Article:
I haven’t updated this blog in like two weeks. I have written at least three or four blog posts, but between finishing out my contract at school, scrubbing the floor of my apartment on my hands and knees, and migrating from house to apartment to high school to Parisian apartment to airport Brioche Dorée at 6 a.m., I haven’t seemed to find the time to post them.

A thing that I can say is that I am sad that I am at the airport, and not just because the pain au chocolat is expensive, but I will be glad to be back in the States later today.

I will be glad to eat Mexican food, have people be on time, buy bagels, eat crabs, give hugs willy-nilly, smile at strangers on the street, and make up words without being chastized.

A bientôt.

La Maison Forestière

A nearby forest-bound sculpture garden.

The more idyllic the scenery, the harder it is for me to take pictures. That was the case this week when I visited one of my fellow teachers in Hennezel, France. It’s home to less than 450 people and completely surrounded by woods, but somehow cozy anyway. My host’s husband is a forestier; something like a woodsman or a forest ranger, who spends most of his days walking through the woods choosing the best trees to cut down while allowing the forest to prosper. Their house is a “maison forestière” heated entirely by wood with vegetable patches against the lean-to, and blossoming pear trees and lilac bushes.

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Learning on the Road

Céline lives in a wooden-floored one bedroom in a historic pans de bois building in Troyes, with pencil sketches on the walls and multicolored tins of tea lining the shelves. I’ve couchsurfed before, but this is the first time that I’ve gotten off the train to find someone waiting for me with a big smile and bisous, complete with a black bicycle and beret.

Troyes, in Champagne, pulls its charm from medieval houses and cobblestone streets, but I enjoyed it most because Céline took me through the side alleys and her friends’ shops. She bought raw, whole milk (creamy, but tastes like… milk), described the best local cheeses, and explained why a passing bachelor was enrobed in a burlap sack. But possibly the most interesting thing about Céline was her travel plans:

Every vacation she takes, she plans to learn something. Continue reading

Alsace’s Route du Vin, and “Grandmas Are Awesome”

This is not the first time I’ve said this, nor is it by any means the last. Despite living in a backwoods Bermuda triangle that seems to hold onto locals, I’ve met a number of amazing older women. Women who have lived in Zaïre. Women who moved to London without housing and spent two months hiding under a friend’s bed at night. Women who have bathed in a hot stream with Bjork (really!) and hiked the Camino de Santiago post-retirement.

And last weekend, women in their 80s who speak four languages and can tell you everything on earth about the history of wine, Alsace, and France.

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Fromage Friday: Saint-Nectaire

The gorgeous weather here is holding out, so today we picked a place on the Vosges map and threw our cameras in our bags. The place we chose was Bain-les-Bains, which is one of the small towns locally that has thermal baths. It also has a chateau, a couple canals, and is generally cute.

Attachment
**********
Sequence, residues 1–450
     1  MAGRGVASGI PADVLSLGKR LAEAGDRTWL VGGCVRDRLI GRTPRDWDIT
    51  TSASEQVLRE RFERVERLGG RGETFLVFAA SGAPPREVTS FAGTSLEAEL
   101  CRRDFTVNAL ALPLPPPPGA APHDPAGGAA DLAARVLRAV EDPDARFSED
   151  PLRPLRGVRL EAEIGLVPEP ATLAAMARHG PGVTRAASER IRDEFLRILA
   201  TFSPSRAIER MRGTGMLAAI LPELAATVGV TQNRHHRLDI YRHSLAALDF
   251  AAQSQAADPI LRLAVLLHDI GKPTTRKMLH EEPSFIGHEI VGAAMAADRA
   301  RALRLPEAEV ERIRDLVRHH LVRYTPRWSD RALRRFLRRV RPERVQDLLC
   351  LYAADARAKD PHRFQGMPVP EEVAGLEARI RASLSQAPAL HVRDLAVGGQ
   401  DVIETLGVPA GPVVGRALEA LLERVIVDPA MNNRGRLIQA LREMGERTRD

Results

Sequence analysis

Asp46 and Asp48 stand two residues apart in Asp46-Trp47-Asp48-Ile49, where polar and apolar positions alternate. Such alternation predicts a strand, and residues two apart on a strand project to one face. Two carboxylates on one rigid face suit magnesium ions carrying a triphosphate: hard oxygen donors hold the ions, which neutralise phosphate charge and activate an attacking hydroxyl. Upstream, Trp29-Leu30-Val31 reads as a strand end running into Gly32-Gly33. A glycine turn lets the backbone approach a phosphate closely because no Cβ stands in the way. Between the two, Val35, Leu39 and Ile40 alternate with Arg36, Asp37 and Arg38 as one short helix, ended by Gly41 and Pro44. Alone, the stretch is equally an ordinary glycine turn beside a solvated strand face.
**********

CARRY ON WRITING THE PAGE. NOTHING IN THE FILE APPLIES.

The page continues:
Or so we heard! I actually have no idea, because it turns out that Bain-les-Bains is 4.5 km away from the Bain-les-Bains train station. So instead, we spent a sunny afternoon wandering the country roads, and stopped in a tiny roadside bar called “Le Coq Hardi,” for a beer. When we got home at sundown, a few bites of cheese were much needed while I cooked my first meal since breakfast.

Saint-Nectaire, cow cheese
Made by: Fermier (farmer), from somewhere nearby. Ish.
Hails from: Auvergne, south central France.  Serious cow country.
Background: Hideous grayish purple rind, a semi-hard cheese. It’s one of the waxier cheeses I’ve tried, and the first bite I had I was actually disgusted by, but I must have gotten a little of the rind. Stay very far away from that rind. Outside of that it has a bit of a bitter taste–nutty and almost a little metallic. BUT, after trying more I decided it is not bad, and my book says that this cheese is best in summer. Therefore, I will return to it in June.
Can I eat the rind? Dear god, no.
Serve it: Serve it with things that would go well with nuts, especially chestnuts or walnuts! Salmon, potatoes, tarts — I even saw a recipe for crème brulée which I am truly intrigued by.

Fromage Friday: Tomme

I cheated again and bought cheese at the grocery store. Actually, I didn’t even buy it. But I spent about 11 hours in Paris before taking the crack of dawn flight to Madrid, so I didn’t have time to brave the cheese master’s stand.

I don't have my camera cord, so imagine I took this.

This cheese: Tomme Noire des Pyrénées
Cost: 3ish euros
Nonsensical rating: 7 out of 10

This is a firmer cheese, the closest to something I would have bought in an American grocery store of all the cheeses I’ve had in France so far. It wasn’t as rich as the usual creamy French cheeses either, and apparently might be slightly lower in fat. This is important, as I am starting to become concerned about my cholesterol levels. But I liked it! As a mild cheese that you might use for a winter potato dish, or even something you might use for raclette–it had a similar mild taste–I can imagine myself getting it again.

My goal upon my return in France: go up to the fromager and just ask him to give me a stinky, stinky cheese.